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The Great Garrick is a 1937 American historical comedy film directed by James Whale and starring Brian Aherne, Olivia de Havilland, and Edward Everett Horton. The film also features Lionel Atwill, Luis Alberni, Melville Cooper, and future star Lana Turner,[1] who has a bit part. Based on the play Ladies and Gentlemen by Ernest Vajda,[2] the film is about the famous eighteenth-century British actor David Garrick, who travels to France for a guest appearance at the Comédie Française. When the French actors hear rumours that he said he will teach them the art of acting, they devise a plot to teach him a lesson. Though often overlooked by critics in favor of Whale's horror films, The Great Garrick was chosen by Jonathan Rosenbaum for his alternative list of the Top 100 American Films.[3]

The Great Garrick
The Great Garrick.jpg
Theatrical release poster
Directed byJames Whale
Produced byMervyn LeRoy
Screenplay by
Based onLadies and Gentlemen
by Ernest Vajda
Music byAdolph Deutsch
CinematographyErnest Haller
Edited byWarren Low
Distributed byWarner Bros. Pictures
Release date
  • October 30, 1937 (1937-10-30) (USA)
Running time
89 minutes
CountryUnited States



In London in 1750, renowned English actor David Garrick announces onstage that he has been invited to Paris to work with the prestigious Comédie-Française. A person in the audience jeers that the French want him to teach them how to act. The playwright Beaumarchais (Lionel Atwill) returns to the Comédie-Française and attributes the remark to Garrick himself. The outraged French actors, led by their president, Picard (Melville Cooper), decide to make him an object of public ridicule. They take over a wayside inn where he will be staying, and Beaumarchais devises a plot intended to humiliate Garrick by frightening him into returning to England.

On his way to Paris, Garrick is met by Jean Cabot (Etienne Girardot), an admirer who works as a Comédie-Française prompter. Cabot warns the actor about the plot and advises him to travel straight to Paris, but Garrick decides to continue on to the inn and play along with French actors, despite the misgivings of his servant Tubby (Edward Everett Horton). A complication arises when Germaine Dupont, Countess de la Corbe (Olivia De Havilland), arrives at the inn soon after. Garrick believes she is one of the actresses (and not a very good one), when she is actually fleeing a marriage arranged by her father. She falls in love with Garrick, and he plays along.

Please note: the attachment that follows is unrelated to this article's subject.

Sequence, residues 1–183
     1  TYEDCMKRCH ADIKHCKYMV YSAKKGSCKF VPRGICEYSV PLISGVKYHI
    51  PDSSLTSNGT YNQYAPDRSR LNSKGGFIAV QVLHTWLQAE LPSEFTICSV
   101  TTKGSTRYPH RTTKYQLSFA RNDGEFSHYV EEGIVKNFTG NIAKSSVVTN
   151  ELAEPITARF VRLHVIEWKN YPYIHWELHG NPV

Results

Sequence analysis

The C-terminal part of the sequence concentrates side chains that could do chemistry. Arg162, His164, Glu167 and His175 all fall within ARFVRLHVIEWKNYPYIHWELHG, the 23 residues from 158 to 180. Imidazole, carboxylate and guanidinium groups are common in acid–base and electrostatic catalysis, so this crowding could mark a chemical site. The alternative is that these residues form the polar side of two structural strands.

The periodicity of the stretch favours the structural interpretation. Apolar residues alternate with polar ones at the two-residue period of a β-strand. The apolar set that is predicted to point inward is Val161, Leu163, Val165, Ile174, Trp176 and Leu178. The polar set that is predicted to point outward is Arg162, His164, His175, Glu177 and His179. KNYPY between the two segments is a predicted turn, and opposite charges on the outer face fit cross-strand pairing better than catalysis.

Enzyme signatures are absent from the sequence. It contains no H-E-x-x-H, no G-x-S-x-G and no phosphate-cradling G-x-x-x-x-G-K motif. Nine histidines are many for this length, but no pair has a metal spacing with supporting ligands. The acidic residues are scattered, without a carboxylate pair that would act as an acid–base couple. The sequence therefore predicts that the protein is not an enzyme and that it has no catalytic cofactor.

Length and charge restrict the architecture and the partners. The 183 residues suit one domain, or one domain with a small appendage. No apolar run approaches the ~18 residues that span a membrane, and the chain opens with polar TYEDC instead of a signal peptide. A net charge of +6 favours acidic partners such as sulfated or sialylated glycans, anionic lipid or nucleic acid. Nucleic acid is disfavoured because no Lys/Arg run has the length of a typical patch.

Meanwhile, the French try to discomfort the Englishman with a sword fight, a shootout between a husband and his wife's lover, a mad waiter (Luis Alberni), and at the end, a violent blacksmith (Trevor Bardette). After overhearing the "blacksmith" remind himself to hit the anvil with his hammer and not Garrick's head, Garrick disguises himself as the blacksmith and, pretending to be drunk, tells the aghast French actors that he has struck and killed their intended victim. Then he reveals his identity. Relieved, Picard apologizes and begs him to join them in Paris. Garrick graciously accepts. Before they leave, however, he criticizes Germaine for her bad acting, infuriating her.

At his premiere in Paris, playing Don Juan, Garrick learns that Germaine is not a member of the company. Realizing that she was telling the truth and that he actually loves her, he is too distraught to perform. Fortunately, Jean Cabot informs him that he ran into Germaine and explained the whole thing to her. She forgives him and is in the audience.

The central situation of the film, in which the protagonist is supposedly deceived into believing that he is surrounded by the staff of an inn, somewhat resembles the plot of Oliver Goldsmith's play She Stoops to Conquer, to which Garrick wrote the prologue. In that comedy the hero arrives at his intended destination, the estate of a prominent landowner, but mistakes it for an inn along his route. There he falls in love the daughter of the house, whom he mistakes for a maid.



The film was made by James Whale for Warner Brothers shortly after the troubled production of The Road Back which had met with controversy and opposition from the Nazi government, and strained his relationship with his bosses at Universal Pictures where he had worked for the past six years. The Garrick film was intended to be a more light-hearted effort. However, both it and his next film Port of Seven Seas were failures at the box office.[4] Whale eventually returned to Universal where he saw out his contract largely by making B Movies.[5]

Critical receptionEdit

Variety noted "a production of superlative workmanship fabricated from old prints of the period, and acting by a fine cast in the flamboyant manner demanded by the script...not without some very amusing angles. Fact is, it is a farce, should be played as a farce with speed and increasing hilarity. Such, however, is not the case. Whale’s direction is geared to a slow tempo. His romantic passages between Aherne and De Havilland are quite charming, but much too long. Anton Grot’s art direction calls for special comment. Ernest Haller’s camera work is a series of pastels";[6] however more recently, Dennis Schwartz thought this "neglected period farce deserves more attention and love; it's one of Whale's most joyous films and shows he can make great comedies outside of the horror genre... It's a thoroughly enjoyable romantic comedy, with the ensemble cast in fine form and under Whale's able direction it catches all the fun in the farce."[7]


  1. ^ "The Great Garrick". Turner Classic Movies. Atlanta: Turner Broadcasting System (Time Warner). Retrieved September 14, 2016.
  2. ^ Goble 1999, p. 471.
  3. ^ Rosenbaum, Jonathan. "List-o-Mania".
  4. ^ Mank 2009, p. 324.
  5. ^ "Overview for James Whale". Turner Classic Movies.
  6. ^ Staff, Variety (1 January 1937). "The Great Garrick".
  7. ^ Schwartz, Dennis. "greatgarrick".


External linksEdit